Logansport Pharos-Tribune from Logansport, Indiana on January 19, 1898 · Page 21
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January 19, 1898

Logansport Pharos-Tribune from Logansport, Indiana · Page 21

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Logansport, Indiana
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Wednesday, January 19, 1898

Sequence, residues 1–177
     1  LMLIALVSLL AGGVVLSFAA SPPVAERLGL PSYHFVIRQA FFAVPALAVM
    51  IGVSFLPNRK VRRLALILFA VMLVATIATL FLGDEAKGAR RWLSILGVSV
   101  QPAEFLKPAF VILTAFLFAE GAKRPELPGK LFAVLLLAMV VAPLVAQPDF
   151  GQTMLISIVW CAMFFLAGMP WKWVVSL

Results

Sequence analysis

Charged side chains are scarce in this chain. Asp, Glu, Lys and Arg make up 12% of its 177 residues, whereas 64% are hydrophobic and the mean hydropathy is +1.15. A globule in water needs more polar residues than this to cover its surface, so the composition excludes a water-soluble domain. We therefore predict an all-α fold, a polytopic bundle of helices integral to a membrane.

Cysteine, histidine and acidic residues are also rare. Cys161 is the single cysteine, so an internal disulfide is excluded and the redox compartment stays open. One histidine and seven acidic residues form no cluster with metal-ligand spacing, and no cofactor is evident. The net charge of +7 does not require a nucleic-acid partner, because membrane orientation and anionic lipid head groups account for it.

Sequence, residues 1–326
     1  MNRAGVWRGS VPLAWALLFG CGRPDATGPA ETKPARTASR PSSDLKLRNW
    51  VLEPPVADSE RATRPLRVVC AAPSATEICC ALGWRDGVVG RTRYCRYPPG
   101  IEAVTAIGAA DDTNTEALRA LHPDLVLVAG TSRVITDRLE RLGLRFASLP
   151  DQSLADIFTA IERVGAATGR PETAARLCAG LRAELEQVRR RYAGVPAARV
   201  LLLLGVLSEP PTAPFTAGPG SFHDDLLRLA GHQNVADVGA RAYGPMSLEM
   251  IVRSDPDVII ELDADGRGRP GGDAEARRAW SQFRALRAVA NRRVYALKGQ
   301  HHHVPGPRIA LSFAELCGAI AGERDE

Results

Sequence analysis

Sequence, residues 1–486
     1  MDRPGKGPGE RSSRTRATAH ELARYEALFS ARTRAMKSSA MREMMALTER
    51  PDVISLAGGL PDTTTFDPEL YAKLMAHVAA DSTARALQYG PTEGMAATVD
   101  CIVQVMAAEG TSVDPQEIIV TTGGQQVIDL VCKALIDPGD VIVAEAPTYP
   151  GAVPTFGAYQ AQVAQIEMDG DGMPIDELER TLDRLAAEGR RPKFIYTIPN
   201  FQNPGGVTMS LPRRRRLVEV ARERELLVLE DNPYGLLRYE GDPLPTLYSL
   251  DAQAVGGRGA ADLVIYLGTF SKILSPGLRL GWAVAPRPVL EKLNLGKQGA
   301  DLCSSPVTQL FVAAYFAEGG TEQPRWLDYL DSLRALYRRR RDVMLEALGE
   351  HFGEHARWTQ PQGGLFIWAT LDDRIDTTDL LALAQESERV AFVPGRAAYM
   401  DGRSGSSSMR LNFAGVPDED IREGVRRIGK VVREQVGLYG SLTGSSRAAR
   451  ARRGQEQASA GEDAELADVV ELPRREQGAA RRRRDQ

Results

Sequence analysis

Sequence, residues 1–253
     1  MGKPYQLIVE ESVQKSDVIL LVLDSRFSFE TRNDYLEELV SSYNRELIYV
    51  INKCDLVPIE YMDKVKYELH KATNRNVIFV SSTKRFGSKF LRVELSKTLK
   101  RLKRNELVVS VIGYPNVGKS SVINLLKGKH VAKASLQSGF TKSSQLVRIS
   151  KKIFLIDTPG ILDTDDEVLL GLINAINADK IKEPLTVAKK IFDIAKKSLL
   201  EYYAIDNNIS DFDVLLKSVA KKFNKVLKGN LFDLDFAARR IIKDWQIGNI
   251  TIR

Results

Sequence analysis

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John Gray's CORNER 0n Muslins, we will meet all Competition on Muslins and you may buy all day from opening until closing time you may come yourself or send your neighbor. Insurance and Loans. £, anoe »nd Bondi written In lirst class com- panlei. Money to loan 6 per cunt. S. M. Closson,319 Pearl St. DR. C. B. EVERSOLE'S DBI2TAL PALLORS Over Porter's New Drug Store, Corner of Fourth and Market Streets. Kew Undertakers. 303 Market gtreet, Hoppe Building-. Daniel Killian & Co. Calls promptly attended to, d«y or night. Mr. KUlUn was for many yeara foreman for CharltB L. Woll. Telephone old 281, new S17 LIDA LEISURE Physician. LET H.ER GO Bfg Mike Johnson Pargwid a Wise Course. His Wife Fell in With a Handsomer Man and He Passed Her Up. A couple of years ae;o big Mike Jonnson was shining ahoea and ciolnj other work about Wm. Kraut's bar her shop on Market street. He bad no troubles then and greeted everybody with a smile. Now bis life is changed, and all on account of tbe uncertainty of a woman's mind After leaving Mr. Kraut's employ ment Mike married and with his bride went to live en Dr, Bradfield's farm In Washington township. He did not boastof beauty or much leaning, bun possessed of a kind heart, willing .hands and strong arms be believed himself capable of support- ngawife. A child was born to them, and the couple lived happily together until about a month ago when Michael found tlaat another and much handsomer man. had found favor in the affections ol' his wife. Eeali/.ing that he could not win her back, Big Mike sold all the peraoaal property • they had accumulated, divided the proceeds, then bid her good bye. He came directly to the city, and will take a position on one ol Jeannerett'es ice wagons. TRUST TALK Indulged in by Office in House, Cor. Thirteenth and North streets, Professional calls answered promrtly, GEORGE W. BODEFEB. r-*-^- Real Estate, Loans., Bought, Sold or KxohaQiffid. Money to txran on mortgage or personal secnri ly. Call on me or write to me at No. 31 Bel Elver a-°-eauc.enBt »od of Market street bridge. Ex- S- Pi tint, -DENTIST- All the latest liecoveries in medicine and appliances 10 relieve pain in extraction or fill- Jtajf of teeth. Modern methods, modern prices, AH work-guaranteed . Office over John Gray'8 on Fourth street. C U Telephone No. 338. tbe fanners dlana. of In- HcConnell & McConnell $50,000 6 per cent Money to Loan. Call now Office Opposite Court; House. DAILY PHAROS WEDNESDAY, JAN.19, 1898. CITY NEWS The Indiana State Canning association held its annual meeting at the Grand hotel, Indianapolis, yesterday. The cannera are not satisfied over the prices they obtained last year. Owing to the custom of selling ou early contracts nearly all the souclc of tbe canneries was sold at low azures enriy in the year, and the suosequeut advance in prices benefited the jobber, but not the canner. A disposition was manifested In tbe meeting to wait for the market hereafter before disposing of stock, but many of the smaller "concerns demurred at •ibis. AD effort was made to take preliminary steps for tbe formation of a canning trust that would control the output and fix the prices, butj not much encouragement was given to the proposition. Oaly aboun half of the canneries In tbe state were represented at the meeting. Officers were elected as follows: N. S. Morris, Tipton, president; W. A. Sampson, Muncie, secretary and treasurer. RAILROAD BREVITIES. Short Items of Interest Gathered From Many Sonrces, The Pennsylvania last week carried over 30 per ceo t of tbe freight tonnage to Chicago. J. H. Miller, of tbe Panhandle car repair shops, who was injured a Tew weeks ago, returned to work today, but after a. time found that he was not able for duty. Immense quantities of wheat are now arriving In Philadelphia from Ghlcago,dally, and It is gossip aonng commission men that the grain is some of the Leiter purchase. The Santa Fe route is tbe first railroad llhe 10 adopt on an extended scale tbe latest method of lighting trains by generating electricity from the revolutions of tbe car axle. Wra. Buell, tbe Panhandle freight conductor, is laid up on account of an injury to his head. He was thrown against the side of the caboose when his train broke In two. On Sunday next tbe trains of the Pennsylvania lines will begin to run nto the Lmioo station at Toledo. The company on that date will also establish through passenger service between Plttsburg and Detroit Tia Toledo. Friday evening two young men buncoed a passenger on the Vandalia train out of $20. They were detected and when an attempt was made to arrest them they leaped from he train between Crawfordeville and Jarfield.. Both escaped unhurt. General Manager Ramsey, ot the Wabash, is said to be determined Co have a more direct line from Toledo 10 Chicago. Two routes are uoder lonsideratlOD, but tbe most favored ine is from Toledo to Maumee, Swanston, Delta, Harrison, West Unity and Montpelier, where it would connect with the Detroit & Chicago line. WiBRIOBS AT ODDS. ECHOFIELD'S CAMPAIGN FROM TH DUCK TO THE HARPETH REVIEWED. some Pertinent Feints Set Tp by Critic WliJcb. Schofield's New Book Does Xo Settle—How He Risked His Army—Savet at .'Franklin toy Accident. ADDITIONAL 1T£»S. MR. KEESHKG APPOINTED. Mrs. R. Hutchison is Tlsitine; at •cean, Ind. Cnarles Boy, ol Olita.wa street, is ill of pneumonia. Mrs. Din Storer, of Washington township, is quite,111. Mrs. Hutchinson returned toclay to Coshen, her future homo. Don't miss our jacket sale. Every •ne goes regardless of cost.—Trade Palace. The North Central Indiana Poultry and Bench Show opens at the riak tonight. Miss Beile Hencto has gone to Florida In the hope of regaining her health. W. P. Gills, a fireman in the Panhandle yards at Chicago, is in the city visiting his parents. Miss Lizzie Kelly, of Jonesboro, Ind., is the guest of Miss Anna Doyle, of 824 Eace street, The greatest of all muslin underwear sales is now going on at the Trade Palace. Don't mias it. Mrs. J. A. G-leason, or Tiptoa, is in the city visiting he;r parents, Mr. and Mrs. J. H. Flynn, on Melbourne arenua. Mrs. Findlay is conducting a mothers' meeting this afternoon at the kindergarten rooms, 600 Sycamore street. Alonio Wheaton, a 16-year-old boy, iied at Evansville yesterday from Wood poisoning, caused by incessant elg&recte smoking. A mistake was madi? yesterday in announcing the funeral of Mrs, Tarn. It was held at 10 a, ra. today from the residence on Lobelia sir eet. Darts' Uncle Tom's Cabin company, which is to appear at Dolan's •pera house tomorrow night, showed at Terre Hauta the first of the week. They gave a matinee performance to Will be One of the Trustees for Long- cliff Hospital. Governor Mount announced yesterday that be had appointed B. F. KeeslIng of this city to succeed Senator Good wine as one of the trustees of the Northern Indiana hospital. The place has been declined by three gentlemen within ^the past three months. The trustees receive no compensation for serving the state and there are not many men who can afford to serve without remuneration. Two of the trustees—Mr. Magee and Mr. Keesling—are resident members of the board and are not required to make such sacrifice of time as a non-resident member would. Mr. Keesling Is very well equipped for the place and his appointment will be favorably received. The board of trustees control the disbursement of something like 1100,000 annually. See Foley's special dried fruit sale. Tomorrow we will give you calico remnants at 3Jc yard; ginghams for aprons, check, 3Jc yard. Trade Palace. The Mackey theatrical company was fined $10 and cost lor distributing improper literature in the town of Auburn. Today was the largest-crowd in attendance at our muslin underwear sale. Call again tomorrow. Same programme.—Trade Palace. Promoters of enterprises who do not spend a cent for advertising have quite frequently asked the nespapers to write thsm up. What impudence: C. M. Bivtns, business manager of the Lafayette Sunday Herald, had his clothes stolen by some sneak thief and was forced to spend a day in his room at the Lahr house. The Pharos collectors are provided with subscription receipts made out in regular form at this office. No subscriber should pay the boys without receiving su«h a receipt. A DAINTY BEDROOM. CHICAGO MARKETS Kecelred Daily 0. A. by W. W. Mllner, R. Building. at a crowded house, and in the evening •old close to 2,000 tickets, establishing a new record for Terre Haute's •rand opera house. A fair sized audience witnessed the presentation of "Faant" at Dolnn's last eight by Lewis Morrison and company. As usual It was a grand production ot a play made famous by Mr. Morrison. His daughter, Miss Mabel Morrison impersonated the •baracter of Marguerite. The other (wpport was good. The faartfltte tra< ona of the bwt ever beard here. Chicago, Jan. 19, 1898 Wheat—May opened at 91}@91f c; high, 9Uc; low, 9Hc; closed, at 91ic hid. Wheat—July opened, Slj@82c: closed, 82Jc. Corn—May, opened, 2SJc; high, *Sj@29c; low, 28|c; closed at28Jc Pork—May opened, 19.47; high. $9.60; low, $9.47; closed, $9.50. Hogs—Opened strong, 5s higher; receipts ot hogs 31,000; estimated receipts for tomorrow, 32,000 head. For mixed, I3.55@3.7T; for heavy, i3.-60@IS.77; rough, »3.50@3.55: light, »3.50@I3.72. Curb, 91J- puts, 91, 90Jc: Calls, 9JH-fs. The night. Kora Karniral Klosed. Korn Karnlval closed last There was a crowded house. The contest for the doll resulted in a victory for Minnie Dalrymple : who received 25S votes to 256 for Maud Rich&rdson. After all the articles had been disposed of the loor was cleared and all who cared to were given an opportunity to dance to music furnished by Fornoff's orchestra. The fodder used in decorating the rink haying been sold, It was remciTed last night by the purchaser. Tfce Wither. Rain tonight and Thursday. How to Furnish and Decorate It Simply and In Good Taste. Here is the description of a bijou bedroom. The walls in this room were covered •with a creamy paper, •with pink rosebuds scattered over it. A few pictures framed in white hung on this wall, •which made a very effective background. The single bed was enameled with brass trimmings, arid a covering of white washing material, over whose surface a scroll was embroidered with •white Asiatic rope silk, made the bee look most inviting. The spread hung well down on each side of the bed and •was finished with a border of deep lace and lu.sertiou. The woodwork was painted white and pink, and in the center panel of the closet door a long iniii|r was set. A little dressing table enameled in white and pink, upon which was a white linen scarf having rose buds embroidered upon it and a deep trill of lace at each end, was placed opposite the mirror in the door. The washstand corresponded with the dressing table and contained a china toilet set in piuk, and before it stood a dainty screen, the woodwork of which was white, and the panels consisted of pink art sertine. At each window was a tiny window seat, upholstered witb pink art cretonne, having a pillow upon it of the same material A little whita rocking f»havr with a cushion seat to match tie window seat was not far distant and also a little table in white, embroidered similar to the dresser scarf. A little bookshelf had a curtain of the cretonne before it. The floor was covered with creamy matting. How to Freshen Black Gloves. If yon will daub ink or liquid shoe dressing on the bare spot, yon will restore the color, but you will not restore the glossy, fresh look of the departed newness. For this quality yon must pot on a piece of clean flannel a touch of sweet oil and rub the dull black spot until it shines like the surronndiag leather. Under this treatment the black kid glove is an economy and will last longer than any other in spite of the fact that other colors may be cleaned and recleaned almost indefinitely. Of course the snede or undressed kid does not need the oil rub—that is confined entirely to the glace glove. The ink - off- blacking is all that is needed softer leather. 1SSS. by American Press Asso ciiuon. Book rights reserved.] S ONE of the de cisive battles o the war Frank lin merits the at tendon given i by recent -writ ers. In fact, it i a'matter for re gret than Genera J. M. Schofield commander of the Federal forces en gaged on that field, does not more fullj treat; the battle and the Tennessee cam paign of which it was the climax in his new memoirs, "Forty-six Tears In the Army.'' His chapters on the events between Dnck river, where his opponent, Hood, began to push things, and the Harpetb, where Hood was virtually defeated for good, are defensive in tone. •An instance of General Sebofield's habit throughout this period of passing lightly over important issues is founc in his cnrt remarks upon the one incident xipon which the venture turned finally, one where an untoward result would have ruined all and placed the, nation's cause in extreme jeopardy. That is in the handling of Wagner's di vision in the crisis at Frrtnklin. The disaster to Wagner and what it involved hare been set do%vn in all accounts as the direct result of a blunder in general ebip. Schofield says that but for that disaster defeat of his fiery adversary at Franklin would have been easy and sure. Yet he has never been able to fix in his own mind the responsibility for it. It would only have been cleared up, he says, by a court martial. Further, the guilty party should have been shot. This matter of Wagner's conduct is but one of many incidents of that three days' campaign from the Duck to the Harpeth which led to controversies between the chief actors and their partisans. In 1881 General Emersou Opdycke printed an account of the campaign and battle whichi 'whether original or not, remains to be answered by the Schofield party. Opdycke commanded one of Waguer's brigades. When disaster fell upon the other two brigades under Wagner and a breach occurred in the center of the Federal line at Franklin, Opdycke, with a promptness and judgment to have been expected from him, but too rarely shown by others in many similar crises, charged and retook Che lice and guns, saving the day. It was owinu to direct disobedience of orders that Opdycke was able to perform this service, ari act justified by all his superiors, including Scbofield, It has been assumed that Opdycke took the fate of his. Brigade into his own hands because of a want of faith in the ability of Wagner, his division commander. But in Opdycke's story there is conclusive evidence that his want of faith related to a commander higher up. ', Opdycke treats the entire interval ot ) Sch'ofield-s leadership not as a campaign of positive nature and results, 1 but as a lucky escape from peril. He says, "That he (Schofield) was not utterly destroyed was due to two causes—first, the want of a little sustained energy on the part of his adversary, and, second, the con- duct''of his official subordinates, uninfluenced by himself." Opdycke's criticisms begin with the first; step taken by Schofield when Hood, with 48,000 Confederates,- confronted him on Duck river. Schofield had there Stanley's Fourth corps, his own Twenty-third corps and Wilson's cavalry, about 30,000 men. The orders to Scho- fiflii from his general in chief, Thomas, xv(.:-u to delay Hood's march northward en as to allow Thomas time to concen- nate an army at Nashville for decisive battle. One of the controversies over the campaign, emphasized by Schofield, deals with this order. It is said that .Thomas should have concentrated oa Dnck river and fought Hood there. Thomas said he would have done so ten days later—that is, Dec. S to 10—but that his troops were too far away when Hood appeared at the end of November, Schofield claims to have saved Thomas one day's grace. He admits having risked the life of his army to do it and that he nearly lost it, bnt holds that the result justified the risk. Opdycke thinks not. With his army on Duck river at Columbia,' 27 miles south of Franklin and 47 from Nashville, Scbo- field learned on Nov. 29 thac Hood had crossed his army over the Duck five miles above Columbia and was striking out for Spring Hill, 11 miles in bis (SchoSeld's) rear and on the pike between Colombia and Franklin. Schofield sent Stanley, with Wagner's division, to seize Spring Hill, keeping three out of his five divisions at Columbia and sending another off at a tangent to observe Hood's march. Meanwhile Hood threw half his force upon Spring Hill. Stanley was able to bluff his foes until night, when they went into bivouac all around him with pickets along hue not across the pike. Schofield moved his army back that night through Spring Hill, reaching Franklin early on tbe 30th. He would have crossed the Harpeth at once, bnt the bridges had been burned. That afternoon Hood reached Franklin ready for battle. OpcJycke says that Schofield gained no time, in fact, and risked his army for nothing. He charges him with inaction, torpor and wane of ability. Instead of stringing his troops over a road 27 miles long, only to be spared by the enemy's laxity, he should have concentrated in front of Hood after he jad crossed Duck river and maneuvered all day the 29th without; fighting, bnt covering the pike for the removal of us trains past Spring Hill Then in he night be could have retired on franklin. IB riew of his many dispatcher; frost; Thomas to hold on at the Dock, to post a strong force at Spring Hill and detain Hood while tbe main army was getting into position for battle ac Franklin, Opdycke says that Schofield should have used the natural advantages of the ground to delay Hood. He cites the cast ;f Lee with a relatively inferior force delaying Grant for weeks in front of tin} James and Johnston delaying Sherman between Dalcon and Atlanta. In short, he assorts tbac Schofield was outrnaiieuvered and outgeneraled. With reference to the disposition of Wagner's division for the delay of Hood after the bulk of tbe Federal army had passed beyond Spring Hill Opdycke is explicit. His brigade was last to leave Spring.Hill, where it warded off an attack early in the day. About coon he overtook the rest- of Wagner's division an a ridge iu sight of Franklin. Waguer, with the brigades of Conrad and Lane, bad halted there under Schofield's orders to delay Hood. Later, under orders direct or implied from the same source, Wagner moved Conrad and Lane to a second ridge a few hundred yards in front of the center of the Twenty- third corps line on Carter's hill, at Franklin. Opdycke finally marched back, the Confederates appearing iu force along the whole front, ready for battle. When Opdycke reached the second ridge and was shown a position in line with. Conrad and Lane, he objected. He says, "Schofield had put them (Courad and Lane) into a position where usefulness was impossible and where the peril at first imminent became so extreme as serionsly to endanger th whole army." Upon Opdycke's protest Wagner al lowed him to take his brigade inside th main works as reserce for the cents brigades of the Twenty-third, corps line wbich was in rear of Conrad and Lan and the key to the field. Hood's at tack overwhelmed Conrad anil Lane who fell back to the works, and there second break occurred, making a bread through which the enemy poured. Op dycke charged forward and repaired th break. After that the battle was in th sands of Schofield's subordinates. Op dycke criticises Schofield for failure t< get into the fight himself, forrernainini .wice as far from the key to his ow position as was the enemy when formec 'or attack and for taking Stanley villa one division north of the Harpecb far the point of danger. Schofield explains this by saying tha be went personally with Stanley's di vision north of the Harpeth to guard against any attempt of Hood to get in ;is rear, as he had done at Spring Hil ;he day before. Hood suffered a bloody repulse a 1 franklin, losing 6,000 men and 13 geu ;rals, but in the end Scbofield, stil north of the Harpetb, ordered his troops o retire from the front of Hood. Tb Opdycke thinks, was the chance to delay iTood, and he eveu says that Hood could lave been driven back to the Dnck riv- T. Selnrield says he didn't stay at Pranklin because his ammunition was hort, he didn't know the'extent of Hood's loss, and having formed junc- ion with Thomas' re-enforcements 'why run further risk?" It was Thorns' campaign for Thomas' united army o settle. Schofield reached Nashville Dec. 1 and other re-enforceinems the same day. A Great Slaughter SALE OF FIXE WINTER SHOES Which most be closed out at one-third their value to make room for our large Purchase of Spring Goods. These shoes are tirst class and most sell. Come while the sizes are here and get yonr choice. . ELPWINTER. • Shoe Store, 510 Broad way,. STATEMENT OF THE Legansport & Wabash Valley Gas Company. State of Indiana, Cass County, es: Tie undersiraed. president, secretary ami a majority of the board, of dir«ctor«V.fth« rJi , gj»sport£ Wabash Valley Logtmsport, Indiana, in tion SS6S. K. S. ISbT^ach their several oaths sey that T the T capital stock of said dompar Js o seven hundred and flftj- tnousaSd o «w- tbat the capital stock of said com^Tm- is fu"y paid up in cash and b r property- that the GEKEIUL J. SI SCHOFIELU. C. S. A. Hood appeared the 2d, and so the nev result of Schofield's campaign of delay was one day's grace. To the clearing up of the controversies natural under the circumstances Schofield offers little: rather be adds to the number in expressly stating that Thomas left him to fight tbe battles of his (Thomas') army and failed to provide means for crossing tbe river at Franklin when hard pushed. Yet the crossing was made upon bridging sent there by Thomas early Nov. 30. He says that Opdycke was inordinately praised for his action at Franklin, whereas he simply did his plain soldierly duty, duty for wbich his superiors had placed him where the crisis found him. Officers and soldiers of the Fourth and Twenty-third corps have contended for years over the break in the Twenty- third corps' line at tbe pike where Conrad's and Lane's retreating brigades entered. On the one hand, it is said that Conrad's and Lane's men caused tbe men in the works to break to the rear, and on the other that the retreating men turned in the works and fought gallantly, tha Twenty-third corps men falling into a panic and deserting their proper posts. A bitter controversy, purely personal, has been going on between Generals Stanley and J. D. Cox as to th« actual command on the field of the Fourth corps troops engaged. Two division's of Stanley's corps were in the battle, and he was in the fighting column of one in the heat of tbe crisis. General Cox .had been assigned to the command of the Twenty-third corps, and so acted during the battle. On the Confederate side General Cheatnam was charged witb disobedi ence of orders in not closing the road at Spring Hill behind Scbofield, bnt was not tried. General Cleburae was verbally rebuked for want of ardor on tnr •ame occasion, bat nobly redeemed Mm-' «elf at Franklin, where he was killed. GEOEOS L. 5l » d «l«5«nes8 of one million C. F. Dieterich, SanTl. Thome, -eorg-e c, Clark, }. H. Uen< Wurdoek. B< State of Indiana, County of Case, ss: B aDpearea no P. pobMc. the and Witness my hand ana notarial seal. o, E. MDI.HOU.ASI). Notary public, NO PAIN!NO DANGER! Teeth extracted without pain or after effects, such as gore mouth, sore gams, etc. Absolutelj safe and, painles, ,' TEEfS :. iBraout?^ The most natural-looking artificial Teeth on new method PLATES, guaranteed to fit. Theflnest and. beet method o£ CROWN and- BKlDuE Work. *~No charge for extracting: without pain whea new teoth are to be supplied. Dr. W. T. Hurtt, T^WMTTQTf 3U J - 2 Fourth St. Ud\ I AO 1 iOverFiBher'sDrusUtor AMUSEMENTS. D CLAN'S OPBHA HOUSE. WM. DOLAJJ, XAKAOXR. Thursday, January 20, "98. DAVIS BRO'S. ==Unc!e Tom's Cabin- Company MILITARY BAND I Symphony Orchestra. The Largest Company on Tour. PEICE9 10, 20 and 30c.. Established 1867). (Incorporated ISMX. Joye mere peraone than «ny other nttitution in this part of the country.. . Business College^""' as secured more positions for worthy young ten and women daring the pagt year thsc all ther commercial schools In tbis part ol lib* tate combined. , - _ A . [Hairs Business College as better rooms and Is better equipped thaa ay ollts competitors. Hail VBusiness ^ Unrolled more'student* daring tha year 18f7, than during any prertoos ye**IT you want to secure a position attend...... ' Cor. Broadway and 6th Street. C F. MOOBE Prett. Hotc to l-usure Sleep. The sleeping room fihould be airy and cool, never for adult person* reaching a higher temperature than 60 degrees, though young children .need greater -warmth. The head should nerer be under tbe sheets, hut exposed and cooL The feet should be kept warm by a lirtle extra clothing at the foot Witb a heavy sleeper there ihould be no thick curtains, bnc with a light sleeper curtains are essential, as sunlight play* upon the optic nerve and route* tta* attention which it is the one object of the deeper to keep ill eusp(>nded anim»- tioo. The bed should neve* b« betweem the fireplace and door, as it catches th« drafts, and it is more dangeron* more easy to contract a chill in I in: the daytime,, the specially .period being about 3 a. BJ. -" '~"\ »-^'^r* yifi^* "_